PVAMU Participates in Department of Energy’s Clean Energy Consortium

May 5, 2017
Prairie View A&M University

Prairie View A&M University has entered into an agreement with the U.S. Department of Energy to form the HBCU Clean Energy Consortium. This new agreement will focus on the following: bringing solar energy to working communities, developing research in innovative technologies at HBCUs, and increasing the number of black students pursuing degrees and careers in Science, Technology, Engineering and Math (STEM) fields. Eight other Historically Black Colleges and Universities are also involved in the agreement: Coppin State University, Florida Memorial University, Johnson C. Smith University, Morgan State University, Southern University – New Orleans, Southern University – Shreveport, University of Maryland Eastern Shore, and the University of the Virgin Islands.

The agreement was started in 2012 and consists of two phases. During 2012-2014, PVAMU served as the pilot’s lead institute with one national lab and five HBCUs involved. During phase two, 2014 -2017, Florida Agriculture and Mechanical University (FAMU) will serve as the lead institute, and has two national labs participating, Los Alamos National Lab and Lawrence Livermore National Lab. The agreement works with the national labs so students can train on instruments they may use in the future during internships and professional employment. Working with national labs also helps the schools identify scientists who can visit campus and conduct workshops about their research.

“National labs help us find the resources and equipment they use and want us to have the similar equipment to train the students on the same internships,” said Hua-Jun Fan, Ph.D., principal investigator for the project. Fan is a member of the Chemistry Department at PVAMU and coordinates research efforts with faculty, students and outside entities. As a primary investigator, he arranges the summer internship relationships with outside consortium members, national labs and other entities so students have the opportunity participate in various experiences. Fan also arranges for students to visit other research schools like Indiana University, Texas Tech University, University of Texas at San Antonio, Iowa State University and Texas A&M University. “We are trying to send our students to more places so they can get training beyond the PVAMU campus,” said Fan. Each semester, Dr. Fan has 20 to 30 students work alongside him and other faculty members on research projects.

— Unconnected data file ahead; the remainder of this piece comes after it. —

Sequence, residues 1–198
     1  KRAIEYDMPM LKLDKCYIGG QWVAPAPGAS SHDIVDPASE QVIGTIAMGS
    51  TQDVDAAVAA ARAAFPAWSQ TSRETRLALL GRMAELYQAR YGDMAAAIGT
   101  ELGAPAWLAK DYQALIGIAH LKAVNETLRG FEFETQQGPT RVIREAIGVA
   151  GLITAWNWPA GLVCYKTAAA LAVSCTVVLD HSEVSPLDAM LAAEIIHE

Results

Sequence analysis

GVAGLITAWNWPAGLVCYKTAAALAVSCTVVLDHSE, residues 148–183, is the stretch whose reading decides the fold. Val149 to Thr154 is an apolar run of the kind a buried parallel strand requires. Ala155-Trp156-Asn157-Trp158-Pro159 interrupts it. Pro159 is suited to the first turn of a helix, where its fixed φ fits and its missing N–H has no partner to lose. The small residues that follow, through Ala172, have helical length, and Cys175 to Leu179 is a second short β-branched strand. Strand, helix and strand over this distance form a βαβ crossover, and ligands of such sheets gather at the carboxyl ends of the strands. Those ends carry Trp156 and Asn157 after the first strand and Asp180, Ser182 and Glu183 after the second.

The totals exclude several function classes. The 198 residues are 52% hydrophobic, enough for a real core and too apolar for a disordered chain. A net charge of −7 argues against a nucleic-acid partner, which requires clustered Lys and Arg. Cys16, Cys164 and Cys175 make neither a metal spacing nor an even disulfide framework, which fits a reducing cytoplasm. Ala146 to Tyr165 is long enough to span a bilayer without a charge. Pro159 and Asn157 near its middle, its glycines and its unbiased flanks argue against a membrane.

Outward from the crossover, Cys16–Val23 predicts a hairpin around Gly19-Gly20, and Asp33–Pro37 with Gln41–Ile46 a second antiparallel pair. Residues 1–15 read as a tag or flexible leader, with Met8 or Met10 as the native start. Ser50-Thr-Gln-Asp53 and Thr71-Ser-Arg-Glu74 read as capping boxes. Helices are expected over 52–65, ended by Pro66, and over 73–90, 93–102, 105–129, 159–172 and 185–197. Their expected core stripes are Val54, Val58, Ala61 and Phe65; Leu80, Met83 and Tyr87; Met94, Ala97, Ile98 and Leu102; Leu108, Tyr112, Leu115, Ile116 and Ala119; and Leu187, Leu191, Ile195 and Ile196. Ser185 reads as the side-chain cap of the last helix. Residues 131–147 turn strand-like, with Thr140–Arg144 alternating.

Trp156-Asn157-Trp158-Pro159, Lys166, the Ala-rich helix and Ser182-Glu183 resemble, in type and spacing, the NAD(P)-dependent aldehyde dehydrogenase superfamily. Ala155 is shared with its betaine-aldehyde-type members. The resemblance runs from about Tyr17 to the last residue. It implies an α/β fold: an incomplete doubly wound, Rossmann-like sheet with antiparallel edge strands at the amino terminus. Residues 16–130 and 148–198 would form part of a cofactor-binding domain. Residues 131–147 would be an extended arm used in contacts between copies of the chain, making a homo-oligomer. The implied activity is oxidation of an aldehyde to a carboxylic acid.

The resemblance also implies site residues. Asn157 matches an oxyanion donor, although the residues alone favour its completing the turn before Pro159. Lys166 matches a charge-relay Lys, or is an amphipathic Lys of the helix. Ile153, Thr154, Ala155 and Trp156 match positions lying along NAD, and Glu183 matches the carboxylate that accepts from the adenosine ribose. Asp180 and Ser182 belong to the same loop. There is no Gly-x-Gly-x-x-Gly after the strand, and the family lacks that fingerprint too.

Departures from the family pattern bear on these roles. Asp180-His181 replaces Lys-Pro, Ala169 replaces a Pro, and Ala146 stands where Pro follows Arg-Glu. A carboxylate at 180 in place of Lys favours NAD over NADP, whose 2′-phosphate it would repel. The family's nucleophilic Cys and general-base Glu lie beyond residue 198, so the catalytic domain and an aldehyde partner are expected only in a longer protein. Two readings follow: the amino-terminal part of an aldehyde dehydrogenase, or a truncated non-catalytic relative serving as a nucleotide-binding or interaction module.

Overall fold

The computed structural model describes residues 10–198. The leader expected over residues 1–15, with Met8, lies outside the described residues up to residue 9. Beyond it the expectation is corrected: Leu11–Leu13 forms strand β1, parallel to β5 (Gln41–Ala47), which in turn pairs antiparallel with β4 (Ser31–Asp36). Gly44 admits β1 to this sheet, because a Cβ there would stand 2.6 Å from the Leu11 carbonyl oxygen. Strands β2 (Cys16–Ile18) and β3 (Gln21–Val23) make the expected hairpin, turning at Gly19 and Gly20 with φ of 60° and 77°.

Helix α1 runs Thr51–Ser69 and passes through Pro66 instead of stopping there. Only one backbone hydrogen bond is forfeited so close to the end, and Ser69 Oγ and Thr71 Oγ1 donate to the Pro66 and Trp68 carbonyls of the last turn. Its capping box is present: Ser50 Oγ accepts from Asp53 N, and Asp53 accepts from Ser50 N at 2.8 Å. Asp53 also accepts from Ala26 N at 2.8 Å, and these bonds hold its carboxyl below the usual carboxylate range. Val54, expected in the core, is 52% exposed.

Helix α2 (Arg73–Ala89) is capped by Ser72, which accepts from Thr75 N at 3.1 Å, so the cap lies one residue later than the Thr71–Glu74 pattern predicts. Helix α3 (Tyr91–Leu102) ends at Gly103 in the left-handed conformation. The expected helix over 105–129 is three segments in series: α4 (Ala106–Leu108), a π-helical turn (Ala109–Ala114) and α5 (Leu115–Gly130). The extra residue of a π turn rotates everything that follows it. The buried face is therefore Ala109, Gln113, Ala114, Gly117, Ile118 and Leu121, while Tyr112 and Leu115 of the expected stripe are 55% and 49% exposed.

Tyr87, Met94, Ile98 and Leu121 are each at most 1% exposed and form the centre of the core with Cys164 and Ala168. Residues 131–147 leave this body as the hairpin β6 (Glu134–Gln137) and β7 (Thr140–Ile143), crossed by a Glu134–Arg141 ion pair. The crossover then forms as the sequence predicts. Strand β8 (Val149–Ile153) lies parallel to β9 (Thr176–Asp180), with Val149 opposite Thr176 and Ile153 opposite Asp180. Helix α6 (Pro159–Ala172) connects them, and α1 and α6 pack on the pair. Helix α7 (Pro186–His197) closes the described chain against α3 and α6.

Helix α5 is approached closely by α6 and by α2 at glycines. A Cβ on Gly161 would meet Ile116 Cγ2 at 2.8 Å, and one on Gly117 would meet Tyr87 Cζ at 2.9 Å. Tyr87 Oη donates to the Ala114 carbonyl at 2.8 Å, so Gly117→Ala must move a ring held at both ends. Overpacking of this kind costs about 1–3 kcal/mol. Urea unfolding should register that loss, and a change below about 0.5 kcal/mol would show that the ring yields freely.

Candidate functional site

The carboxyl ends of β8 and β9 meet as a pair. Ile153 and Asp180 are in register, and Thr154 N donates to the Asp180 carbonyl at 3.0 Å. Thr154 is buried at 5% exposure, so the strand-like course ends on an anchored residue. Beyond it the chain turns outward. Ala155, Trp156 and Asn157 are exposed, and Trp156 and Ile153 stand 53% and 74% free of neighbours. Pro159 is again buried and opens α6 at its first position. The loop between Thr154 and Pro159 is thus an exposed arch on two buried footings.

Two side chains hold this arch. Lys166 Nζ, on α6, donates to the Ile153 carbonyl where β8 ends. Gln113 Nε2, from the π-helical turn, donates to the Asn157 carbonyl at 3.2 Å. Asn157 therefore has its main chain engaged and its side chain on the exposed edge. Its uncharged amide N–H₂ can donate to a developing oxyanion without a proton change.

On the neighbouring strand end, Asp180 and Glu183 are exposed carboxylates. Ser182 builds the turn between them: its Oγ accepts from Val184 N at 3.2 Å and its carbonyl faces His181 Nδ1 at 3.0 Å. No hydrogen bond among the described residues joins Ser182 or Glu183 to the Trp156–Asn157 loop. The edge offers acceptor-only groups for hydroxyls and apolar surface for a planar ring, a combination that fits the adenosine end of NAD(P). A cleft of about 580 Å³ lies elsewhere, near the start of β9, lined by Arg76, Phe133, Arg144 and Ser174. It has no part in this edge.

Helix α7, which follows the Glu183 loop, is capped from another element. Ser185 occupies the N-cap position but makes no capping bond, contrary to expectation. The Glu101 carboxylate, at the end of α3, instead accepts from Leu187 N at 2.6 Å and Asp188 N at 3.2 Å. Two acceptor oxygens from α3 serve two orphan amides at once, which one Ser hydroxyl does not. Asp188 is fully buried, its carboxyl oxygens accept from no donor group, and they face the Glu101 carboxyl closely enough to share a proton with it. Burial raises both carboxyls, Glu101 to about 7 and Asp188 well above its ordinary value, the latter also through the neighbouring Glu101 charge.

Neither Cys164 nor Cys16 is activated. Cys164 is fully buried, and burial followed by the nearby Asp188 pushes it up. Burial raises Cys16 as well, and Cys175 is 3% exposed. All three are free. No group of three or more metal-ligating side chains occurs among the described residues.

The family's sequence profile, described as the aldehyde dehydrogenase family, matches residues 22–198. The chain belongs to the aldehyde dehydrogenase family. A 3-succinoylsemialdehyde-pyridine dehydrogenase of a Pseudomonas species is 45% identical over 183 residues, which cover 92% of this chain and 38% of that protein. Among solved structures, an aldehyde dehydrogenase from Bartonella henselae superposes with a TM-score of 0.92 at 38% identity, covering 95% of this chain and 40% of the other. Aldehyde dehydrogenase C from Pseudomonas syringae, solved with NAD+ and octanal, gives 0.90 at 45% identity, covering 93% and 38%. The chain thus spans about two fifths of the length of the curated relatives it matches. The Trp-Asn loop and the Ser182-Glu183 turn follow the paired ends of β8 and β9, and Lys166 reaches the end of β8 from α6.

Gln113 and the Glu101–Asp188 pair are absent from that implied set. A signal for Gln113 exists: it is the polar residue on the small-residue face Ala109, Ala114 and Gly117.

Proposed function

“In terms of the communities, we mainly work with high school students and bring them to the campus to do summer research with the undergraduate students and faculty in the Chemistry department,” said Fan. While on campus, the high school students are introduced to how the project research was carried out, do computational modeling and synthesis of making nano composite materials or small organic moleculars to be used in the solar energy conversion. Now that the partnership is in place, PVAMU has developed a bottom up synthesis approach. “We work with collaborators to train students on how to use chemical synthesis to make nano composite materials, more serious compounds and modeling,” said Fan.  They are changing the energy gap of the composite material so they can convert them to different colors/frequencies of the light into the energy.

Since the project’s inception, almost 300 students have had the opportunity to participate and pursue degrees in the STEM field. Some students have gone on to work for companies like Martin Reed in Dallas, Boeing Corporation in South Carolina and pursue higher education degrees at Prairie View A&M University, Kansas State University and Texas A&M University. “The partnership means a great deal for the success of the students and the financial support for students to focus on research and academic studies,” said Fan, “It’ll help them grow professionally and exponentially so they can focus on their studies and not get distracted.”

Fan said he feels this agreement will benefit the overall campus community and change the atmosphere and attitude of students. “I’ve been receiving more and more applications from students who want to be a part of the consortium,” said Fan. “Simply because they heard from other students what they can do and what kind of awards they receive by doing the research with me.” While the students are helping him with the research, Fan believes he can shape their view of the STEM field and advise students on how to pursue their academics, Grade Point Average and campus involvement. “Many of them are afraid to get into chemistry or get into the STEM field because they feel there is too much work to do,” said Fan, “If they do it right, they can achieve and accomplish a lot more than they thought.”